Stem cells harbour huge potential for medical advance
Not enough patients are volunteering to take part in ground-breaking stem cell research in the UK.
In this week's Scrubbing Up, leading heart stem cell scientist, Professor Anthony Mathur, argues that if people want treatment for a heart problem, they should be obliged to take part in the research.
Without doubt the future of medicine is dependent on clinical research that, in turn, relies on the willingness of patients to be exposed to new therapies.
There exists an unwritten contract between society and medicine which acknowledges the interdependence of the two - the only way that important advances in medicine can be made is with the help of patients volunteering to participate in clinical trials.
However, our experience at a major teaching hospital in London is that as the nature of new treatments becomes more complex, the willingness of our patients to participate in these trials has decreased.
Clearly a balance is needed given the tremendous potential benefits these new treatments could deliver for these conditions
Our own experience of this phenomenon is the conduct of our stem cell trial designed for patients brought to us as emergencies suffering a heart attack.
The possibility of using a patient's own stem cells to repair the damage caused by their heart attack could benefit the thousands of people suffering with this condition each year.
Stringent laws and regulations are in place to ensure that trials of such new therapies are carefully conducted and the patient's health protected.
Indeed the ethical process dictates that patients are given as much information as reasonable to make an informed decision to consent to the trial.
The problem is that in the emergency situation there is an awful lot of information to convey in a short time to obtain 'informed consent'.
Clearly a balance is needed, given the tremendous potential benefits these new treatments could deliver for these conditions.
In our stem cell trial, brief preliminary consent is obtained as the patient is treated for their heart attack.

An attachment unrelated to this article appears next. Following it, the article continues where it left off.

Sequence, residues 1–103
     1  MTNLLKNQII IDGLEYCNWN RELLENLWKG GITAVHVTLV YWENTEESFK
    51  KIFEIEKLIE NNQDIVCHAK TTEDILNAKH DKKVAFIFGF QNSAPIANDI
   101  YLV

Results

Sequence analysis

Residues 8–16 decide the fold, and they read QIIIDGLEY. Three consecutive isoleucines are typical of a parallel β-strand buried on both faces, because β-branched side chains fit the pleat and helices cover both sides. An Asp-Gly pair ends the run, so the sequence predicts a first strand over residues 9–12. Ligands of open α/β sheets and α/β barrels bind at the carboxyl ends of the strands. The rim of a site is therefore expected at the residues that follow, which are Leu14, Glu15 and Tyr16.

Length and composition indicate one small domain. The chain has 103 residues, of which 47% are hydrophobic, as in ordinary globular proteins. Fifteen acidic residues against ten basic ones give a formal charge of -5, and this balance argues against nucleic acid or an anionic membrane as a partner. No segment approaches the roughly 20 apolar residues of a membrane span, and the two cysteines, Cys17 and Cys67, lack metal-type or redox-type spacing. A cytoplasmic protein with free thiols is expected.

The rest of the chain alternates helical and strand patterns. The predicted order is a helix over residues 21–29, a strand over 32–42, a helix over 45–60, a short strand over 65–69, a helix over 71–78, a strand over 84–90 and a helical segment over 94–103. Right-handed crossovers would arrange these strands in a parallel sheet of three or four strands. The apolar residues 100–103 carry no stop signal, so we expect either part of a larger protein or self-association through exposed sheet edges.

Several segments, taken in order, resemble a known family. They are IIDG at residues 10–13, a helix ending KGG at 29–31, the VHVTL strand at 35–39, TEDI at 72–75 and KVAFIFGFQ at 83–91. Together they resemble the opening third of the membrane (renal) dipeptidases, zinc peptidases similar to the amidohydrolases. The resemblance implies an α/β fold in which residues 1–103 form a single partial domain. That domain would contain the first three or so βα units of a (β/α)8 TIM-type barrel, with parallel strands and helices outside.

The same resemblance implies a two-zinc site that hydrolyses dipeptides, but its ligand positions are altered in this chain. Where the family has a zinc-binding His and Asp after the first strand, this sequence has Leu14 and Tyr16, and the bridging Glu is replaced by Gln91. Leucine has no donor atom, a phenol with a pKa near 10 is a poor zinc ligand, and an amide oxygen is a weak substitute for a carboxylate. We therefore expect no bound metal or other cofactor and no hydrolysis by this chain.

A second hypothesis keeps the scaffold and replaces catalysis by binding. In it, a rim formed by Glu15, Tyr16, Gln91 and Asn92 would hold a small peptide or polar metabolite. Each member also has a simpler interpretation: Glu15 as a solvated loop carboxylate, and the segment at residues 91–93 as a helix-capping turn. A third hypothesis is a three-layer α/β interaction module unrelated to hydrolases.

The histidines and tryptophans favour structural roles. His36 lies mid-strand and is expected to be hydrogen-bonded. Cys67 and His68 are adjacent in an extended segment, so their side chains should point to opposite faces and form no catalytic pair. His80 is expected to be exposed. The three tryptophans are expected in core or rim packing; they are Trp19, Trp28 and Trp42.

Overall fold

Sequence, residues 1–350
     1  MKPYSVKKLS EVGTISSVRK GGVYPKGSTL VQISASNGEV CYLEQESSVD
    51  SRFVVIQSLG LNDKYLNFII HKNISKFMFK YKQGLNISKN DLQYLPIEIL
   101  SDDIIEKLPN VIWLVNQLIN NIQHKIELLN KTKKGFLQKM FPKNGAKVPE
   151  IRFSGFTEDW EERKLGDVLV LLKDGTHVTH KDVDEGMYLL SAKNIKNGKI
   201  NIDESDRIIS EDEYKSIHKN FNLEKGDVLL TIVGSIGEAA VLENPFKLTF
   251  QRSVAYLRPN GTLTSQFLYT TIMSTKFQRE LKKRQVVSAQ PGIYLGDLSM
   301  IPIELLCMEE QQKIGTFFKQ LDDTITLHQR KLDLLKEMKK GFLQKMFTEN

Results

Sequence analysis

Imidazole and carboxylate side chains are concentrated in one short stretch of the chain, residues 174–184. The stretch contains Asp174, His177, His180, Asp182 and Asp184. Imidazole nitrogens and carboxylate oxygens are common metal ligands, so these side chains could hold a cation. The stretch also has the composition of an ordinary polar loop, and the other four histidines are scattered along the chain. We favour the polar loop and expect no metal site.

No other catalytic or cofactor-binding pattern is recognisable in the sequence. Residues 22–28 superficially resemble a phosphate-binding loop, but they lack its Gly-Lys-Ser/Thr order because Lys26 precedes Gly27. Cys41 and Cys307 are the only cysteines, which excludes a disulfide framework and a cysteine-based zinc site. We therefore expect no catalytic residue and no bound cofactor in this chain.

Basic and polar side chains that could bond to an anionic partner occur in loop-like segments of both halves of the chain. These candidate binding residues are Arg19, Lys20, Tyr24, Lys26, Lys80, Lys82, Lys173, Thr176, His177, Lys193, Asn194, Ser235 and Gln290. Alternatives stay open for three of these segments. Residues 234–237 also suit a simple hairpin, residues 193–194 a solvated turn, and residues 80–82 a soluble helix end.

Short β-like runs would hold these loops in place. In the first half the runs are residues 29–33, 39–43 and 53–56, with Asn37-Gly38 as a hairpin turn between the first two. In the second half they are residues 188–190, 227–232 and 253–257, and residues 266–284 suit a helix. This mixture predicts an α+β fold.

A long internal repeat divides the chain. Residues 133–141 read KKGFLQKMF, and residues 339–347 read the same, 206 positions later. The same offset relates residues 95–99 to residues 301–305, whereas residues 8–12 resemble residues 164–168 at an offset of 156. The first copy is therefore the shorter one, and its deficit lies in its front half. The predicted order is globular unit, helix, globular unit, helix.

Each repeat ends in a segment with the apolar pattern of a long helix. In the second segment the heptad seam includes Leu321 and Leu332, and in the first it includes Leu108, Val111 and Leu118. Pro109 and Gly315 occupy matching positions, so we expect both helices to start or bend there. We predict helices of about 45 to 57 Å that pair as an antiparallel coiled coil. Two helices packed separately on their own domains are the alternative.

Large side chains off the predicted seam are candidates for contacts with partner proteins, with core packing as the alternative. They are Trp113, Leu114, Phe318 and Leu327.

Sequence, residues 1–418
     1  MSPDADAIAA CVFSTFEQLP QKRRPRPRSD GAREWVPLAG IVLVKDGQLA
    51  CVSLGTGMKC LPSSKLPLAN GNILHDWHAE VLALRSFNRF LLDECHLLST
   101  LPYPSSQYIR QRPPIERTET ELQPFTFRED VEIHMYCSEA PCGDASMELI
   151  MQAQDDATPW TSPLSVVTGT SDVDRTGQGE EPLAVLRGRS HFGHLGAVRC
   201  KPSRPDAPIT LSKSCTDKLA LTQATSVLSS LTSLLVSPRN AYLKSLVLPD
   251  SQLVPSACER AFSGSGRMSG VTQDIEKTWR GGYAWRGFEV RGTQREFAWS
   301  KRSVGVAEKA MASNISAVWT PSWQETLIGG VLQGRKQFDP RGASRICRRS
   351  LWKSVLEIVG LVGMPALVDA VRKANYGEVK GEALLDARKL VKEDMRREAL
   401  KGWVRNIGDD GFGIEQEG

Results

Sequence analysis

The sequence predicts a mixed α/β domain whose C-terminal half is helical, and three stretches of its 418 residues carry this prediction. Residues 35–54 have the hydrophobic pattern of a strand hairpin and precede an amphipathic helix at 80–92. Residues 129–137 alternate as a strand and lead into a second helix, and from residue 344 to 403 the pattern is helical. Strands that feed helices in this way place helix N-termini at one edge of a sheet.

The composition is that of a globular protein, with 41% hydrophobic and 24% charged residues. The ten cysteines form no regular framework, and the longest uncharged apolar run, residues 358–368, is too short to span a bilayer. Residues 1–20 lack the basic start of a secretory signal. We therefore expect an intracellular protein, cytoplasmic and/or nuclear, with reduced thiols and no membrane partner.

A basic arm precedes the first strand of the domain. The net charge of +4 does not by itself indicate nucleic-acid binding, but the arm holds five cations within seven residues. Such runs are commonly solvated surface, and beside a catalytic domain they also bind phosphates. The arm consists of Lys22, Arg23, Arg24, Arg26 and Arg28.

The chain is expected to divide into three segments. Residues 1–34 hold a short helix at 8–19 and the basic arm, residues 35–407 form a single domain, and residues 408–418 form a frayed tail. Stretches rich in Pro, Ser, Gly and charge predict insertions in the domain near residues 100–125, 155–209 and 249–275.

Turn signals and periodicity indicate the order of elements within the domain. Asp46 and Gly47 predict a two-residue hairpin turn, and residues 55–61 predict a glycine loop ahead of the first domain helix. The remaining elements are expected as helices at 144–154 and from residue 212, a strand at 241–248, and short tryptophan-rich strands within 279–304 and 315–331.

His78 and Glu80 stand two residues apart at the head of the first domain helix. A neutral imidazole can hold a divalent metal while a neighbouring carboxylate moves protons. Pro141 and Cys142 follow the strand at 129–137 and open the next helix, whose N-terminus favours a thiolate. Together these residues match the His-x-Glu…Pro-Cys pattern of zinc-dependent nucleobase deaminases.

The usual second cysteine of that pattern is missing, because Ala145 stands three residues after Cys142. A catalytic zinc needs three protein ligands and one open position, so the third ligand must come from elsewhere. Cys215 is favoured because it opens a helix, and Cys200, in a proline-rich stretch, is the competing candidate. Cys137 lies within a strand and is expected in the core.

Invariably, the patient is keen to participate.
Patients from more privileged areas are more likely to be recruited to our trial than those from the lower socio-economic environment
However, several hours later, following successful treatment of the heart attack, when the patient is approached to consent in full for the main part of the study, they often decline.
Whilst this is understandable, given the relief the person must be feeling having been successfully treated for their heart attack, it creates a problem for the field of medical research which tries to improve on the success of modern medicine.
A further paradox exists.
Patients in less economically privileged parts of the UK are more likely to suffer heart attacks and fare worse with them.
Our small experience between two centres recruiting heart attack patients for our stem cell trials - one in the relative economic deprivation of the East End of London, the other in the affluent centre of London - shows that patients from more privileged areas are more likely to be recruited to our trial than those from the lower socio-economic environment.
Added to this, is the observation that women in whom heart disease has previously been under-diagnosed, are also less likely to consent to the trials.
It is difficult to find a straightforward solution to this dilemma.
An individual human being must be given the right to choose whether to participate in medical research.
However, there is also the need to advance medical discovery and strict rules and laws exist to protect the patient in this pioneering environment.
Maybe a new contract is needed between medicine and society that assumes a default position that says that everyone attending hospital should be involved in medical research, unless they specifically opt out of the process at the time of consent?
This approach has already been used in some European countries for organ donation and has led to a quadrupling in consent rates.
Whatever the solution, the clinical trials await patiently those willing to put their faith in the system and hope for medical breakthroughs, if not for them, then for the benefit of others.
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